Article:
45. Mussweiler T, Strack F. The semantics of anchoring. Organizational Behavior and Human Decision Processes 2001 Nov;86(2):234-255. [CrossRef]
  46. Mussweiler T, Strack F. Hypothesis-consistent testing and semantic priming in the anchoring paradigm: a selective accessibility model. Journal of Experimental Social Psychology 1999 Mar;35(2):136-164. [CrossRef]
  47. Strapparava C, Mihalcea R. Learning to identify emotions in text. In: Proceedings of the 2008 ACM Symposium on Applied Computing. 2008 Presented at: ACM Symposium on Applied Computing; March 16-20, 2008; Fortaleza, Ceará, Brazil.
  48. Strapparava C, Mihalcea R. Annotating and identifying emotions in text. In: Intelligent Information Access. Berlin, Heidelberg: Springer; 2010:21-38.
  49. Kimmerle J, Wodzicki K, Jarodzka H, Cress U. Value of information, behavioral guidelines, and social value orientation in an information-exchange dilemma. Group Dynamics: Theory, Research, and Practice 2011;15(2):173-186. [CrossRef]
  50. Landers RN, Lounsbury JW. An investigation of Big Five and narrow personality traits in relation to Internet usage. Computers in Human Behavior 2006 Mar;22(2):283-293. [CrossRef]
  51. Rui JR, Stefanone MA. Strategic image management online: Self-presentation, self-esteem and social network perspectives. Information, Communication & Society 2013 Oct;16(8):1286-1305. [CrossRef]
  52. van Uden-Kraan CF, Drossaert CH, Taal E, Seydel ER, van de Laar MA. Self-reported differences in empowerment between lurkers and posters in online patient support groups. J Med Internet Res 2008 Jun;10(2):e18 [FREE Full text] [CrossRef] [Medline]
  53. Frost J, Vermeulen IE, Beekers N. Anonymity versus privacy: selective information sharing in online cancer communities. J Med Internet Res 2014;16(5):e126 [FREE Full text] [CrossRef] [Medline]
  54. Cress U, Kimmerle J. Endowment heterogeneity and identifiability in the information-exchange dilemma. Computers in Human Behavior 2008 May;24(3):862-874. [CrossRef]
  55. Douglas KM, McGarty C. Internet identifiability and beyond: A model of the effects of identifiability on communicative behavior. Group Dynamics: Theory, Research, and Practice 2002;6(1):17-26. [CrossRef]
  56. Douglas KM, McGarty C. Identifiability and self-presentation: computer-mediated communication and intergroup interaction. Brit J Soc Psychol 2001 Sep;40(3):399-416. [CrossRef]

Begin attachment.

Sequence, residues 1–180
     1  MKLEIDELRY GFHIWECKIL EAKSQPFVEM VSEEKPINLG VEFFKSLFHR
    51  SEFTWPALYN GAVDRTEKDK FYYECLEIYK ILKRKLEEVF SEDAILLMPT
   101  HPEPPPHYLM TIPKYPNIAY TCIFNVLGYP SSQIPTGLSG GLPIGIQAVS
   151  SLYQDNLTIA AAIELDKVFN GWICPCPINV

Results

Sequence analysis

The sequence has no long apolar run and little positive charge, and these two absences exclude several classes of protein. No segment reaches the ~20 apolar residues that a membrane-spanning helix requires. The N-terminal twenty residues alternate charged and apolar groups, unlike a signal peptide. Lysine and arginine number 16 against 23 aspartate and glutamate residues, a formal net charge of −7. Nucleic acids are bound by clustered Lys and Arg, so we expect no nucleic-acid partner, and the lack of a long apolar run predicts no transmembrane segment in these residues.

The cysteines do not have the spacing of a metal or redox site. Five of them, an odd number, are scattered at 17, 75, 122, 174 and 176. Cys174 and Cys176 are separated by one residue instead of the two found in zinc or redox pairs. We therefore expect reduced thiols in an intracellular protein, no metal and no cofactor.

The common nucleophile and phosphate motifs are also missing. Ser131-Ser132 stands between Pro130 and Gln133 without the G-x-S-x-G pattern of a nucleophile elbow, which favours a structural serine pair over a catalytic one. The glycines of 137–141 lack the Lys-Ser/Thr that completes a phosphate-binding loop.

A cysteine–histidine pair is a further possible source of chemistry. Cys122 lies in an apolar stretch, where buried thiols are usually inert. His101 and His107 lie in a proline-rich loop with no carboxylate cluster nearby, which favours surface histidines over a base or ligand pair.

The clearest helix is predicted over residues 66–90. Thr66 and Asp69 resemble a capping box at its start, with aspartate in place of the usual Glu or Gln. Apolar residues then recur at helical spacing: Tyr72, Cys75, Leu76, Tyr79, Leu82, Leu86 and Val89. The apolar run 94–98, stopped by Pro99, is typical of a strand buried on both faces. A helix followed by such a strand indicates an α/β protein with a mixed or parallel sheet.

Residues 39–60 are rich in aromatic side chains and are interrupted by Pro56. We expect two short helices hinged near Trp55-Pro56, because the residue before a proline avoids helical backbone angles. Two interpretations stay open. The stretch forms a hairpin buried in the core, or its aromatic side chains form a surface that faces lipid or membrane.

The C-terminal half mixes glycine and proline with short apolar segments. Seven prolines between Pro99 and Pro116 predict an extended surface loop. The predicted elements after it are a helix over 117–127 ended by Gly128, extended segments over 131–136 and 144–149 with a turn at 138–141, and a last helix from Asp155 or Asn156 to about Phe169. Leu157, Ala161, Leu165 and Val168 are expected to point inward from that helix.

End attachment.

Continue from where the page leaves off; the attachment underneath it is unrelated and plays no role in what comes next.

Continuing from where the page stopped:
57. Cress U, Kimmerle J, Hesse FW. Impact of temporal extension, synchronicity, and group size on computer-supported information exchange. Computers in Human Behavior 2009 May;25(3):731-737. [CrossRef]
  58. Helquist JH, Krus J, Nunamaker Jr JF. Synchronicity and group ability to autonomously cluster brainstorming ideas. Int J e-Collab 2009;5(4):67-81. [CrossRef]
  59. Swaab RI, Galinsky AD, Medvec V, Diermeier DA. The communication orientation model: explaining the diverse effects of sight, sound, and synchronicity on negotiation and group decision-making outcomes. Pers Soc Psychol Rev 2012 Feb;16(1):25-53. [CrossRef] [Medline]

Edited by G Eysenbach; submitted 07.08.14; peer-reviewed by P Talbot, H Potts, N Walton; comments to author 11.09.14; revised version received 27.09.14; accepted 06.11.14; published 04.12.14


©Joachim Kimmerle, Martina Bientzle, Ulrike Cress. Originally published in the Journal of Medical Internet Research (, 04.12.2014.

This is an open-access article distributed under the terms of the Creative Commons Attribution License (, which permits unrestricted use, distribution, and reproduction in any medium, provided the original work, first published in the Journal of Medical Internet Research, is properly cited. The complete bibliographic information, a link to the original publication on, as well as this copyright and license information must be included.